April 2006 Newsletter
Association of Contemporary Church Historians
(Arbeitsgemeinschaft kirchlicher Zeitgeschichtler)
John S. Conway, Editor. University of British Columbia
May I wish a blessed Easter to you all!
See what transformation! These hands so active and powerful
Now are tied, and alone and fainting, you see where your work ends,
Yet you are confident still, and gladly commit what is rightful
Into a stronger hand, and say that you are contented.
You were free for a moment of bliss, then you yielded your freedom
Into the hand of God, that he might perfect it in glory.
Editor’s Note: I am happy to report that our recently held Bonhoeffer Commemoration
held at Regent College, Vancouver went off very successfully. For those not able to be there, Regent College Bookstore has now produced a complete 5 CD set of recordings of all the verbal presentations, under the title “Dietrich Bonhoeffer: Christian Witness and Martyr 1906-1945.” This set can be ordered from Regent College Bookstore, 5800 University Boulevard, Vancouver V6T 2E4, B.C., Canada (firstname.lastname@example.org) for approx $20.
1) Book reviews
a) Poewe, New Religions and the Nazis.
b) Garbe, Theologie zwischen den Weltkriegen
c) Pollard, Money and the Rise of the Modern Papacy
d) Cox, Imperial Fault Lines
2) Professor Gallo’s response to the review of his book last month.
1a) Karla Poewe, New Religions and the Nazis, New York and London: Routledge 2006, xii + 218 pp. ISBN 0-415-29024-4 (hbk), 0415-29025-2 (pbk)
Were the Nazis Christians? Or were Christianity and National Socialism incompatible? Controversy over these questions was recently aroused by the publication of Richard Steigmann-Gall’s book The Holy Reich(Cambridge University Press 2003), which sought to show the lingering attachment of many leading Nazis to some ill-defined form of Christianity. Karla Poewe starts from the other side. Her object is to depict the ideas and actions of those who deliberately sought to create a new religion of Germanic nationalism and racism to replace the now discredited Christianity.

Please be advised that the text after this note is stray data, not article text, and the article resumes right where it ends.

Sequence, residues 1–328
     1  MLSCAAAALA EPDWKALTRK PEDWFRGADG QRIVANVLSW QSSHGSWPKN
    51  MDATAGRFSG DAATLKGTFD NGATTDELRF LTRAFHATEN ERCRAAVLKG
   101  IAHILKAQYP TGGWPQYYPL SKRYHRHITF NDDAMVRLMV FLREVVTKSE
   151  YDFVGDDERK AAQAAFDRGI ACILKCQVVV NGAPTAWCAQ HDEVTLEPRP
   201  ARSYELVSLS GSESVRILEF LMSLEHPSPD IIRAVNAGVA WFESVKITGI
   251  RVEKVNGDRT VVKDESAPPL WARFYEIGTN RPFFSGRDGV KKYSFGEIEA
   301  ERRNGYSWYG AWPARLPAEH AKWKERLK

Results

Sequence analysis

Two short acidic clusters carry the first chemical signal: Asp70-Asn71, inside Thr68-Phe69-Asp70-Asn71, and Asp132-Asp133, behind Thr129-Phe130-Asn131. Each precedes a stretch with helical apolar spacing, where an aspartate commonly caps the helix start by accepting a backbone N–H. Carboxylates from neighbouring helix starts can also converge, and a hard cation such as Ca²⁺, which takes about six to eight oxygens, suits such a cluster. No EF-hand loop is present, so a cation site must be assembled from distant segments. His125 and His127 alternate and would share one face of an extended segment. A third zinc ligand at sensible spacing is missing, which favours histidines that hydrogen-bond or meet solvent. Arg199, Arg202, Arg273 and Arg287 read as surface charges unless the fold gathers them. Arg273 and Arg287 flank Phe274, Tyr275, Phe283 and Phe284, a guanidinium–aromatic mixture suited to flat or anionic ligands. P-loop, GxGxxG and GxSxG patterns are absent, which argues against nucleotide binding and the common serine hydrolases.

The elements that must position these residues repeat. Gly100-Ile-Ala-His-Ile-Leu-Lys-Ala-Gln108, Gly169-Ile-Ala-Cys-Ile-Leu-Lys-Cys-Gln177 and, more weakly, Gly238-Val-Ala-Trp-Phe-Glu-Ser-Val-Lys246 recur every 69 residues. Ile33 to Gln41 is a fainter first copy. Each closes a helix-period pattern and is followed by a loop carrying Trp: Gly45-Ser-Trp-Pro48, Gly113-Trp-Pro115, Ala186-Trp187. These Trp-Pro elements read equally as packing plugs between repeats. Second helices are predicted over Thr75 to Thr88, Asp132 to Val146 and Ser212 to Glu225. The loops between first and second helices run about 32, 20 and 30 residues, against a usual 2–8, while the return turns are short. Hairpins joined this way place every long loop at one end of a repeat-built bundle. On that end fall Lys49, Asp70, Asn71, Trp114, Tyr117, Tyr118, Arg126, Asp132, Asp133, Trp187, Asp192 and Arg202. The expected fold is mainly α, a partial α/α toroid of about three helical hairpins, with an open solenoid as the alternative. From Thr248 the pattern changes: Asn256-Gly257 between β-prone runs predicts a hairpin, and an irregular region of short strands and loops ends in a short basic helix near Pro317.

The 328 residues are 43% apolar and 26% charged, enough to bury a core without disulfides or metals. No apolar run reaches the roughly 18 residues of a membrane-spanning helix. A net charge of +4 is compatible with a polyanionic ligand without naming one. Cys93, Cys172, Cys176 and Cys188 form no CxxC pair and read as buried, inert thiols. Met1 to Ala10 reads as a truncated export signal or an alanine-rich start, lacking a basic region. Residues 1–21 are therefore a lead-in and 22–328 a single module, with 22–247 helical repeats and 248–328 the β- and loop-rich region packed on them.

Her principal proponent in this process is Professor Jakob Wilhelm Hauer (1881-1962), whose surviving papers, especially his extensive correspondence, have been well researched by Poewe, who is versed in the study of “fringe” religious movements. Together with kindred spirits such as Matthilde Ludendorff, the wife of the Field Marshal, Ernst Bergmann, the novelist Hans Grimm and the noted anthropologist Hans F.K.Günther, Hauer in the 1920s was determined to build up a new myth and religious sensibility, and to give support to the rising tide of National Socialism. Indeed, Hauer even aimed to make his beliefs the sacred religious centre of the Nazi movement.
Most scholars and orthodox churchmen have dismissed these persons as cranks or pseudo-religious bigots. Their advocacy of German paganism has been ridiculed. Steigmann-Gall downplayed their impact. But Poewe now seeks to rectify these partial judgments. In her view, these ideas played a significant role, especially among the young radicals who formed the cutting edge of the Nazi Party. With dynamic ruthlessness they seized on Hauer’s German Faith Movement to undermine the established churches, even if they abandoned his creed later on once their political power was confirmed.
Hauer had been brought up in pietist circles, was sent out as a missionary to India, and was there greatly influenced by the impact of eastern religions. After the first world war, he shared the widespread disillusionment with both Catholic and Protestant orthodoxy, but was allowed to retain his professorship at Tübingen University in comparative religions. He used this platform to build up a network of youth groups, advocating a purely Germanic paganism, and harking back to the mythical roots of pre-Christian Teutonic traditions. In the climate of the 1920s, such ideas found a considerable following, and could easily be linked to concepts of authoritarian and inspired leadership under a German Führer. This idea of a genuinely Nordic faith-based political community of a united nationalistic Volk took advantage of the widespread desire for a regeneration of German national life after the defeat and denigration of the Great War. Poewe rightly sees this trend as part of the popular resistance against the Versailles settlement, and as giving a considerable boost to the fledgling Nazi Party.
Hauer’s attempt to build a faith movement based on völkisch experiences, elements of the Yogic tradition, pre-Christian Germanic beliefs and a touch of German philosophical idealism was, in effect, a deliberate challenge to the rationalist, democratic assumptions of the Weimar Republic’s political ethos. It also rejected any notion of pluralistic society. Hauer’s antisemitism was certainly ethnically based, and his antagonism to Christianity was in part prompted by his belief that Christianity was unable to shake off its Jewish roots. Instead, a German Faith, led by heroic individuals conscious of their historic bloodlines, would revitalize the Volk. The spiritual and the political tasks were to be intimately linked.